The NY Fed article goes to note that while the Fed Funds market shrank by about two thirds after 2008, the Federal Home Loan Banks constituted about 75% of the lending in 2012 when the article was written.

    1. Carolyn Sissoko

      Jim Haygood

      It is a well-established stylized fact that interbank lending has shifted from an unsecured to a collateralized basis.

      The point in the post is therefore not that unsecured markets no longer exist, but that they no longer play an important part in interbank lending. The article you link to supports this conclusion: the federal funds market collapsed from $200 bn to $60 bn and now what little lending takes place on the market today is largely done by the GSEs (e.g. FHLBs), not the commercial banks that traditionally have dominated the market.

      For more on this see:

      On Libor see:

      Hope this clarifies things for you.

  8. Jay M

    I went to the bank today to deposit my paycheck. Imagine my surprise when the teller pulled a mask over her face, jumped over the counter brandishing a semi-automatic and handed me a note demanding all my cash or cash equivalents. I immediately handed the check and pulled out my pockets, where a few stray coins appeared. I said “this is robbery”. She responded “no this is NIRP”. It turned out it was actually a DHS drill practicing the next step, CIRP, or confiscatory interest rate program, and I got a free photo of the holdup. I got a CD with -5% interest and was walking on air when I left the place.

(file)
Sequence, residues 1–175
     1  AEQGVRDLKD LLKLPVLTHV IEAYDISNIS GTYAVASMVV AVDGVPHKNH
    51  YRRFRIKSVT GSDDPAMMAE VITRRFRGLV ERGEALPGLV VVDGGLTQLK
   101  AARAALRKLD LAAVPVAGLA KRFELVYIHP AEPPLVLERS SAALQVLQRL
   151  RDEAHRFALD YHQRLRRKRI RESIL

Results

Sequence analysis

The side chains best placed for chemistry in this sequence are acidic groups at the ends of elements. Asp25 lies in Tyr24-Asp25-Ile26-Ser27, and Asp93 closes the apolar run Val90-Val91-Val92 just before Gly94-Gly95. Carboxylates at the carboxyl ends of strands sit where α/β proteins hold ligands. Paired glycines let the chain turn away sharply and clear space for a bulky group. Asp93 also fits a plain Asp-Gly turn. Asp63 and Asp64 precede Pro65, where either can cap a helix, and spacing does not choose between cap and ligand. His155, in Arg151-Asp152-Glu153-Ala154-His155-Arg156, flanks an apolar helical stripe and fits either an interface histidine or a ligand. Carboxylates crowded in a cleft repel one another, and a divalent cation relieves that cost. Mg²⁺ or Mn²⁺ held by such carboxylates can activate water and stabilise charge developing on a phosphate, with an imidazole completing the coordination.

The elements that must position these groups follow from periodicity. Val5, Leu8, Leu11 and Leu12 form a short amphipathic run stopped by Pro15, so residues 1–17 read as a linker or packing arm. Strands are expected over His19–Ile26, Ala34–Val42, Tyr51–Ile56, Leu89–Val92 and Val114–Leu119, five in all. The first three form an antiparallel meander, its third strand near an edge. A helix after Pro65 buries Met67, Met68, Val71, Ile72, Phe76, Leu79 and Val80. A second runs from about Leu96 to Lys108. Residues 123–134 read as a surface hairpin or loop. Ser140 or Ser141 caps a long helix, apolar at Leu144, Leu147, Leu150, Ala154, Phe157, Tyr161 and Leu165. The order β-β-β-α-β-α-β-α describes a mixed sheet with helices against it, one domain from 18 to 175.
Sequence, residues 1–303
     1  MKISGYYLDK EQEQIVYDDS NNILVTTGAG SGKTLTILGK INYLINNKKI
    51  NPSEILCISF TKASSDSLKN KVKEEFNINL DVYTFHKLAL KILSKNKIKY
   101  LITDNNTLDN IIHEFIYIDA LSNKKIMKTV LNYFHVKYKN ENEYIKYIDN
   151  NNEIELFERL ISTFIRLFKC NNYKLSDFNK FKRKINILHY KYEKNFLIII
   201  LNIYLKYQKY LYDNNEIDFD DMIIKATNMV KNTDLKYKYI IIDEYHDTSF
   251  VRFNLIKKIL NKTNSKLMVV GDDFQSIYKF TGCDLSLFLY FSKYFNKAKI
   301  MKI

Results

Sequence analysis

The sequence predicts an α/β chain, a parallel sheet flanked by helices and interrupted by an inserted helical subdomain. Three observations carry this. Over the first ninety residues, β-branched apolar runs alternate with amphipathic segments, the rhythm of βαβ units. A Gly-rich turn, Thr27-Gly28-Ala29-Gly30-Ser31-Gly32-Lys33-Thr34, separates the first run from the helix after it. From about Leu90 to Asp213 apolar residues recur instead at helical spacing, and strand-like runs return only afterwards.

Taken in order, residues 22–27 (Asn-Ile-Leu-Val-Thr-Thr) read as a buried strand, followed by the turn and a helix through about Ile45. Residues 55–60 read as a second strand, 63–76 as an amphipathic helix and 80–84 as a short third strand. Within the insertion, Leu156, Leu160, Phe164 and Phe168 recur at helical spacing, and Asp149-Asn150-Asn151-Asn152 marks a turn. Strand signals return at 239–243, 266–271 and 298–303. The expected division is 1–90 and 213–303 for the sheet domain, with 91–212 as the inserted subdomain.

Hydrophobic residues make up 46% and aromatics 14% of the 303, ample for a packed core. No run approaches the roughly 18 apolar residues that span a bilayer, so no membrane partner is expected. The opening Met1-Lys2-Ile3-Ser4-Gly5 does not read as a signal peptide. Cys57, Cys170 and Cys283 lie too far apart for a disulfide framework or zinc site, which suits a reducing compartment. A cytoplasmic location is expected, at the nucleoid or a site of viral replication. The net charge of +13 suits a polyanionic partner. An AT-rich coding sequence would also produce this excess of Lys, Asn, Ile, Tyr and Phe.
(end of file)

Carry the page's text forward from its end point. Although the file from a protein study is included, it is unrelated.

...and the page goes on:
9. Chauncey Gardiner

    Broken Financial System indeed. Given the regulatory allowances to derivatives speculation that have been made by the Fed and Obama Treasury/OCC, I applaud the FDIC’s approach to addressing the rampant derivatives speculations being engineered by the senior managers of bank holding companies and placed onto the books of the FDIC-insured bank subsidiaries in an effort to force taxpayers, depositors and the public to again pick up the tab in the event of a systemic default event such as occurred with AIG.

    I seems to me that the outcome of this policy action contributing to negative real interest rates can be swiftly rectified by requiring the bank holding companies book their derivatives elsewhere than in FDIC-insured banks. Better yet, restore the Glass-Steagall Act.

    Related article is behind a pay wall, but the headline and first sentence are the tell:

  10. Synoia

    Negative Interest rates are another symptom, true, but not a of broken financial system, but of political philosophy. Negative interest rates, deflation, are a consequence of the demand gap, in turn cause by wage suppression driven by free trade policies with the current dogma elevating profits to the only one God..

    The Neoliberial agenda which has dominated since 1980, and grown in breadth and depth is the driving meme of out time.

    It includes the view that Government is the problem, especially Government spending on the poor, with the contrary pressure that growth is forever and must continue. This coupled with the trickle down emphasis of neoliberalism is the drive meme behind negative interest rates,